Labor activists are calling it Hot Labor Summer: A once-in-a-generation wave of worker activism and strikes uniting white-collar and blue-collar workers on picket lines across the nation.
It kicked off with a walkout of 11,500 members of the Writers Guild of America on May 2, followed by 160,000 members of the SAG-AFTRA, the Hollywood actors’ union, who went on strike on July 14. The strikers are demanding a fair share of Hollywood’s surging profits and protections against job loss from artificial intelligence technology.
A once-in-a-generation wave of worker activism and strikes uniting white-collar and blue-collar workers on picket lines across the nation.
According to Bloomberg, more than 300,000 workers have gone on strike so far in 2023. Though it is still only summer, this is already the highest annual number since 2019 (when there were major teachers’ strikes in several states and school districts).
And only a last-minute deal between the Teamsters Union and United Parcel Service may have averted what would have been the biggest strike in half a century. Tens of thousands of UPS Teamsters organized practice picketing nationwide in July, as union leadership demanded what Teamster President Sean O’Brien called “the best contract in the history of UPS.” Under new leadership, the Teamsters saw this summer—when unions are both more visible and more popular, and when the unemployment rate is low—as a chance to win a historically good deal for its members. (Despite the deal, a UPS strike remains a possibility. The tentative agreement now goes to 340,000 UPS workers for their approval. A “no” vote would put them out on the streets.)
Since the Great Recession of 2008, labor’s focus has largely been on holding the line when it comes to pay and working conditions. But tight labor markets, rising public approval and a pro-union White House have given unions the confidence to demand more for their members.
And Hot Union Summer could extend into the fall. The new president of the United Auto Workers has declared he is ready to strike the Big Three automakers if they do not meet the union’s demands for wage increases and the restoration of automatic cost-of-living increases. The current contract, which covers 144,000 workers at the three automakers, expires on Sept. 14.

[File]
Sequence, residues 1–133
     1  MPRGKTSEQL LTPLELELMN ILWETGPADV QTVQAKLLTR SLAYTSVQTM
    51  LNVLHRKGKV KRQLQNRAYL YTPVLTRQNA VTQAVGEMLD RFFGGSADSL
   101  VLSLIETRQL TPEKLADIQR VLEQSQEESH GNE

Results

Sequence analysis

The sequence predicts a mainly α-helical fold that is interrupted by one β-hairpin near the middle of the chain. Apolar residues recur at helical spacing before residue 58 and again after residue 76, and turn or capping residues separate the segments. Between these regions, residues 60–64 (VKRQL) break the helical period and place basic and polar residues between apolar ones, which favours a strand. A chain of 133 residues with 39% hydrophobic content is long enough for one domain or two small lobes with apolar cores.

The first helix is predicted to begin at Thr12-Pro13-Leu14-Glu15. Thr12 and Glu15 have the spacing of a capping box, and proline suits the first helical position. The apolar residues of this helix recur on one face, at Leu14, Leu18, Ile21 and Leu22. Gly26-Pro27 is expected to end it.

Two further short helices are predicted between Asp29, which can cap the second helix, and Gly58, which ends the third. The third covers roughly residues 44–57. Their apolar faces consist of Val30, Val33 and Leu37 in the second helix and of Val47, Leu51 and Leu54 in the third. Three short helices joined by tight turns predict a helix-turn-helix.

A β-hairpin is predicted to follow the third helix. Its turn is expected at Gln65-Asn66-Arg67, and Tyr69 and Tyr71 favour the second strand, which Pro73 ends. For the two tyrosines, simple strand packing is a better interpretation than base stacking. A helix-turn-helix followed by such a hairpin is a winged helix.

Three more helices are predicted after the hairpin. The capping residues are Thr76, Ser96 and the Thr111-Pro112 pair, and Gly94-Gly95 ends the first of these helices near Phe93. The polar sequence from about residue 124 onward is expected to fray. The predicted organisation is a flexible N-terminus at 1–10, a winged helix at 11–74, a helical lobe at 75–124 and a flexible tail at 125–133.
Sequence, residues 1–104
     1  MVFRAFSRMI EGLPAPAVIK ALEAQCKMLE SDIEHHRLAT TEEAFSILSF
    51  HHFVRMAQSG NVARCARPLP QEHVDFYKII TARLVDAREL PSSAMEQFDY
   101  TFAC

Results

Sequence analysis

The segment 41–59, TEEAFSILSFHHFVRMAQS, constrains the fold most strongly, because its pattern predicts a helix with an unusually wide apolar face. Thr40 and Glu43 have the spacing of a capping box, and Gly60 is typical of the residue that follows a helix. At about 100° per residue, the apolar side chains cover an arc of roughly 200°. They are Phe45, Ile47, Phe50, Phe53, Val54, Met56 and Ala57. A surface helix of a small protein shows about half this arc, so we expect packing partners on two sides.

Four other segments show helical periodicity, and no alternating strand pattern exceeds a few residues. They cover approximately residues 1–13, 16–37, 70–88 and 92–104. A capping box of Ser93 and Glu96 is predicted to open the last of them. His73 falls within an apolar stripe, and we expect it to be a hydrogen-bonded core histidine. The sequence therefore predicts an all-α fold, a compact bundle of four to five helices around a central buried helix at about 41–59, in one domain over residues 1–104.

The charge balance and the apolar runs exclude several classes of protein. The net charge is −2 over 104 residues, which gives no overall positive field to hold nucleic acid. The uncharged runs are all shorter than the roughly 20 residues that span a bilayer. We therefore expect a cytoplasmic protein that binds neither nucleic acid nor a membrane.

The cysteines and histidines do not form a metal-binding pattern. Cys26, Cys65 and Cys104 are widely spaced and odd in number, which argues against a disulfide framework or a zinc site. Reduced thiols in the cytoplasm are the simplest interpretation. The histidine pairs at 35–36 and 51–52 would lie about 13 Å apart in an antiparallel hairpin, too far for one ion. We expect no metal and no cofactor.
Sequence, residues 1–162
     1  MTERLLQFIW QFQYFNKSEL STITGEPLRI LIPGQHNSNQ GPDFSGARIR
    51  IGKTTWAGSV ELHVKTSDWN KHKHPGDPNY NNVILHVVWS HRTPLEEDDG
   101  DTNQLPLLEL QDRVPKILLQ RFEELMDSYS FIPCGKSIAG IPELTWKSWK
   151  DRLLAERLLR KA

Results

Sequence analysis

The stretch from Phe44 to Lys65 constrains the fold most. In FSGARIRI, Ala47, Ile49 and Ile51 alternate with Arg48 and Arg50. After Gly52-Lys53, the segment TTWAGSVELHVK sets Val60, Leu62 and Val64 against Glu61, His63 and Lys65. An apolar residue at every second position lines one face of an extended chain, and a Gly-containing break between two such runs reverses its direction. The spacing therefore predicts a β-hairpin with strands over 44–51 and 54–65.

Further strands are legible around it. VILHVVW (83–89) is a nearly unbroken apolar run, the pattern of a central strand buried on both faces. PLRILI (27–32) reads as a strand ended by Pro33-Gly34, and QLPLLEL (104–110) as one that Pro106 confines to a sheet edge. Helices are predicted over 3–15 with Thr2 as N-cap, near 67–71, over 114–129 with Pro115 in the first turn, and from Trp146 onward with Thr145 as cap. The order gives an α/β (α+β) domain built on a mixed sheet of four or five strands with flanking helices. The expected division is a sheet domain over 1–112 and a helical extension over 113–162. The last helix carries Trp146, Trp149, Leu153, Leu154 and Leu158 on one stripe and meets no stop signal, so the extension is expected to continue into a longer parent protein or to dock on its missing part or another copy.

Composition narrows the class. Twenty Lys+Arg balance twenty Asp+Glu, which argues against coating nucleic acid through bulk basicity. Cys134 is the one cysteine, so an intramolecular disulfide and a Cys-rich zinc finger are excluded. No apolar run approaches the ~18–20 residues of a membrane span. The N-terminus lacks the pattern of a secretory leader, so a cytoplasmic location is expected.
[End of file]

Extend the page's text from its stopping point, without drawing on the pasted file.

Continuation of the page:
Tight labor markets, rising public approval and a pro-union White House have given unions the confidence to demand more for their members.
“The Big Three is our strike target. And whether or not there’s a strike—it’s up to Ford, General Motors, and Stellantis, because they know what our priorities are. We’ve been clear,” said U.A.W. President Shawn Fain.
The thread tying all these different groups of workers together—from screenwriters and actors to part-time package handlers and autoworkers—is money. For the last two years, until this June, inflation outpaced wage growth, which meant many working people had trouble keeping their heads above water. A CNBC survey released in April found that 70 percent of Americans reported feeling financially stressed, and 58 percent said they live “paycheck to paycheck.”
Many union members have more specific problems as well. Actors and writers are demanding higher residual payments from streaming services, UPS part-timers want a raise in their starting salary, and autoworkers are looking to end a two-tier wage system that pays new hires less than veteran workers for doing the same job.